The front line of the Wayne Shorter tribute band included (L-R) trumpeter Russ Johnson, tenor saxophonist Pawal Benjamin, and alto saxophonist Clay Lyons.
The band ensues with their own take on “Nefertiti,” recorded with the Miles Davis Quintet. The original was atypical in that it repeats the sighing, languid theme over and over, with no front-line solos, only drummer Tony Williams sustaining the tune with an explosive solo throughout, so you are constantly listening to his drumming as the theme turns mantra-like. Here the band allowed for a Benjamin tenor solo that slices up the theme nicely while drummer Wayne Saltzman digs into the Williams-esque rock-shuffle feel while striving to approximate the incendiary energy of a drummer who made legend of himself with Miles Davis even in his late teens.
Here Stoler also delivers very Hancock-like block chords and octaves, tart and pungent but still pretty, a fine-honed power.
The ensuing tune, “The Big Push,” also from The Soothsayer, has harmonies I could eat for dinner, as protein-packed as they are, and another oddly engaging melody. About Shorter’s harmonies: Each has a story-telling quality, with a layered ensemble chord a chiaroscuroed image in itself, and the change sequences cast suspense and weird beauty in equal measure.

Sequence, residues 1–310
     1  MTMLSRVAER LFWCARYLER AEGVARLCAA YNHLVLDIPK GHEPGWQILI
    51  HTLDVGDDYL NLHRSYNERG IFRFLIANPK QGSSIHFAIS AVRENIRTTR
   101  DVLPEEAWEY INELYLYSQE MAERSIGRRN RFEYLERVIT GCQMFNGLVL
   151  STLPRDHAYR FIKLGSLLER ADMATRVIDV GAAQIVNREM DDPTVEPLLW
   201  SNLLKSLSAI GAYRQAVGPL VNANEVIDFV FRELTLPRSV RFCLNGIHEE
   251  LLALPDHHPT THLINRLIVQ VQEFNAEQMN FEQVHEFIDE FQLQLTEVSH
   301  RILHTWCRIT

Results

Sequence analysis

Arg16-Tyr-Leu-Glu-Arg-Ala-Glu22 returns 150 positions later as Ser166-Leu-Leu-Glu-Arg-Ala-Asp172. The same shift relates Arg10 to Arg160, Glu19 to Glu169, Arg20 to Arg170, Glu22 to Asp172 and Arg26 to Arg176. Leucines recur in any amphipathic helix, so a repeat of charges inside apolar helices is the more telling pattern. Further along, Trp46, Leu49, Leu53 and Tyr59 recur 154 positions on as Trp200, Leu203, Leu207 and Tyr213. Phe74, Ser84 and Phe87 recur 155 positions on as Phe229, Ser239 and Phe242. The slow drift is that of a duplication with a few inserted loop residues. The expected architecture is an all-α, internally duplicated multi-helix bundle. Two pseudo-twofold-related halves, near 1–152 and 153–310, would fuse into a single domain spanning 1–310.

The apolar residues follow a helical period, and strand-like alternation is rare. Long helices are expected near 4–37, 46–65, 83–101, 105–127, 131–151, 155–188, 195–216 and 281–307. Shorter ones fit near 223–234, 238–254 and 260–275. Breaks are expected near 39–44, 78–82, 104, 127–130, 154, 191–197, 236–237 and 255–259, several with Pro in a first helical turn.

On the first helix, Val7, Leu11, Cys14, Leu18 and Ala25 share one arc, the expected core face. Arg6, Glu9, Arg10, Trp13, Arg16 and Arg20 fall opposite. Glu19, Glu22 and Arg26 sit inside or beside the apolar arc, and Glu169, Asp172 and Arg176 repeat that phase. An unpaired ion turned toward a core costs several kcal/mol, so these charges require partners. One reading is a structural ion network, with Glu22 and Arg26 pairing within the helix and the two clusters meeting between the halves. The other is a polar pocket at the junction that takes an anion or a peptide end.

I’ll touch on the second set somewhat more briefly: a highlight was Shorter’s intense yet atmospheric “Sanctuary,” written for Miles Davis’s slightly satanic yet spiritual album of controversial jazz fusion, Bitches Brew from 1970. It has a loping, free-ish melancholy contour, and here trumpeter Russ Johnson shone — the style is his wheelhouse, unfettered but well-formed improv.
Tenor saxophonist Wayne Shorter with trumpeter Miles Davis in the band that produced “Sanctuary,” from the seminal jazz fusion album “Bitches Brew,” which included bassist Dave Holland and drummer Jack DeJohnette. Courtesy www.musicajazz.it/festival-e-concerti
The band then shifted back to the Shorter Blue Notes with “El Gaucho,” another deceptively simple theme from the album Adam’s Apple with a characteristically resonating harmonic structure.
The band encores with, for Shorter, comparative ear candy. The rollicking “Yes or No” is among the composer’s most ingratiating and invigorating melodies and saxophonist Benjamin is cooking the hard-bop brew here, which could have been a Jazz Messengers tune, from Shorter’s days as musical director of that band. But the title’s implicit dialectic is key; this is from the album JuJu, by which time Shorter’s was conceptually delving into paradoxical African powers beyond the ordinary.
Such tension-filled qualities permeated the musical particulars of his writing and soloing style and helped to sustain the intrigue of several generations of jazz musicians as represented here.
So, this critical preview is to help document what you hear but, most of all, to encourage you to sit down, buckle up in the safari jeep, and follow this band longer than you might otherwise, on this Shorter sojourn: